-Faith

The Wedding Planner, Part 2: The Transition

Terry’s Thoughts (T2):

As we were planning the wedding there was one thing that we also had to plan for: transitioning from 2 separate households to one house.  She was moving from her apartment to what would soon become our home in Palm Coast.  For months, I had been urging her to slowly review what did and did not need to come (as everyone should do when moving) and let me start bringing non-essential items from her apartment to the house.  This was easier said than done.  Having helped many people move (and having moved several times myself) the one thing that I recognized is that when moving, one must declutter before moving to prevent the unnecessary going up and down 2 flights of stairs.  Stairs are NOT a mover’s best friend, especially one who is in their mid-40’s.

So, over the month of February and the first part of March, we talked about what things needed to make the trip and those that needed to either be donated or sent to the great big dumpster in the yard.  Now, this didn’t mean that I had nothing to do on my end.  I had to prepare to make room for Faith in my closet (who has not had to share her closet for years)!  This is a woman whose walk-in closet was larger enough for a person to have a twin bed and still be able to get in and out of.  Oy vey!  One of the first things that I recognized was that everything that she had in the closet was NOT going to make it, so the winnowing process would begin for both of us.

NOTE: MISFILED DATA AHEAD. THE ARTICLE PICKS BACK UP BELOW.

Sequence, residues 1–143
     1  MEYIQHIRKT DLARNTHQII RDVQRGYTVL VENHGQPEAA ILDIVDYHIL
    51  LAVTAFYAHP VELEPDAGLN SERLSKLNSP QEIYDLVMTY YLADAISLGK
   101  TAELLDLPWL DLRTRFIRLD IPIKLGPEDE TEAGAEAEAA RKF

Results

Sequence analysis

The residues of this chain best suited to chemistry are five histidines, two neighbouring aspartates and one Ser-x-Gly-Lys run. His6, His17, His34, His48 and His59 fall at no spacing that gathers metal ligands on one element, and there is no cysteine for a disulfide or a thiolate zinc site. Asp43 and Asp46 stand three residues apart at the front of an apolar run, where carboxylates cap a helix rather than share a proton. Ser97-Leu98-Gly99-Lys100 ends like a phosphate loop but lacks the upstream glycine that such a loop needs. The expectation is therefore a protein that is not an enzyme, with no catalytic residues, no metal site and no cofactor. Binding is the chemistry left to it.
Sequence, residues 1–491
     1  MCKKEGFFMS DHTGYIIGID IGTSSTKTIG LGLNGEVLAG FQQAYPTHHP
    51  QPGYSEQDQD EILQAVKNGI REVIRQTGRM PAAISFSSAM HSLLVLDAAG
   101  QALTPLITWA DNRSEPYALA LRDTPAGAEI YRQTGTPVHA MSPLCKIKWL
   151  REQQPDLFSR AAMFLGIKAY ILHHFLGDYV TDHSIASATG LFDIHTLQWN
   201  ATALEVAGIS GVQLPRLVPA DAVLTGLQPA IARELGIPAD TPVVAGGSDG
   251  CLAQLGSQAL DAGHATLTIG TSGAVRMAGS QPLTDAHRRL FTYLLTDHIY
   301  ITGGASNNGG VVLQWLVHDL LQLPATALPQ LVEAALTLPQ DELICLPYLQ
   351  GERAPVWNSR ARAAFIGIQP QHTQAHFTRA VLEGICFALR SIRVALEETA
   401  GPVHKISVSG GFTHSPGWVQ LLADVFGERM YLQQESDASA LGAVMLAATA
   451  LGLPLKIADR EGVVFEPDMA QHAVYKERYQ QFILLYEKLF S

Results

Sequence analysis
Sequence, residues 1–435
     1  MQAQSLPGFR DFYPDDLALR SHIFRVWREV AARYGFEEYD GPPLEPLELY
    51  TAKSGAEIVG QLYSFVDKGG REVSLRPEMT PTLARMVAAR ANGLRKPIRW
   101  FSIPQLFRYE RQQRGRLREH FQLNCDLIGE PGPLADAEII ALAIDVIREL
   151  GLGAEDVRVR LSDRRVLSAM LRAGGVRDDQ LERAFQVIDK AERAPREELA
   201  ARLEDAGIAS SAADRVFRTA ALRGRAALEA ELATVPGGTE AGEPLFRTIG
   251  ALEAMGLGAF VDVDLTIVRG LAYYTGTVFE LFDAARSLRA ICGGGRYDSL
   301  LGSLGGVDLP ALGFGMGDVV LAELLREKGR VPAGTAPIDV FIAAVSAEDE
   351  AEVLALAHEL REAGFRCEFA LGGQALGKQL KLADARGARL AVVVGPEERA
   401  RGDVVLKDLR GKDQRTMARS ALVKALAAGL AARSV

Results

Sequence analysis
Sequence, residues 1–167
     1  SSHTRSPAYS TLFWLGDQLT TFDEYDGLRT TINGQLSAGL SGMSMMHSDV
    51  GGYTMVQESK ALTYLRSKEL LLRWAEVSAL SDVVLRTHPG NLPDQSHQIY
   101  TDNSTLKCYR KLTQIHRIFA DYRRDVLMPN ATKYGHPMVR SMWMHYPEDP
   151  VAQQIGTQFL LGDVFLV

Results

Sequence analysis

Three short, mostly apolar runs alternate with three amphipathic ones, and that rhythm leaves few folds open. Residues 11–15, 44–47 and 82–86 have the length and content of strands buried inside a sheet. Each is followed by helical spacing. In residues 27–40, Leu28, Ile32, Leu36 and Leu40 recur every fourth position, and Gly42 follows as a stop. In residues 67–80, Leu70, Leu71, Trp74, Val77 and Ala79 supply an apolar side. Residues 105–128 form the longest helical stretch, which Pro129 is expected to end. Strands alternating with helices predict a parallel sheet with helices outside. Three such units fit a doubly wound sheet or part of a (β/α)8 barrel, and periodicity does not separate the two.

I never had a lot of closet space in the first place, but this was a whole new experience.  The reason for so much clothing in the closet was because Faith didn’t have a dresser in her bedroom and hung just about everything up or had a hanging organizer for the things that couldn’t be hung.  (It pays to be watchful and recognize what can be condensed and what could be relocated to another area.)  As we went through the closet, I noticed she had her books and other material in her closet, which made it easy and convenient for her to get to when needed.  I had several book cases that had space, so my library was about to change to our library and approximately double in size and variety.  The more that we looked over the closet, the more confidence that I had that I wouldn’t have to purchase several chifforobes (if you don’t know what a chifforobe is, look it up) to place all MY clothes in and give up the closet.

As we got closer and closer to the time when she had to be completely moved out, the anxiety level started to increase for the two of us.  For me, it was making sure that everything was moved out in time before the end of the month as we would be on our honeymoon and did not want to pay for any additional days that she wasn’t in the apartment.  For Faith, it was the realization that she was actually going to get married in a few short days and that her life would change forever.  It was a time of great excitement and tension as I looked forward to having Faith and the rest of the family become part of my clan.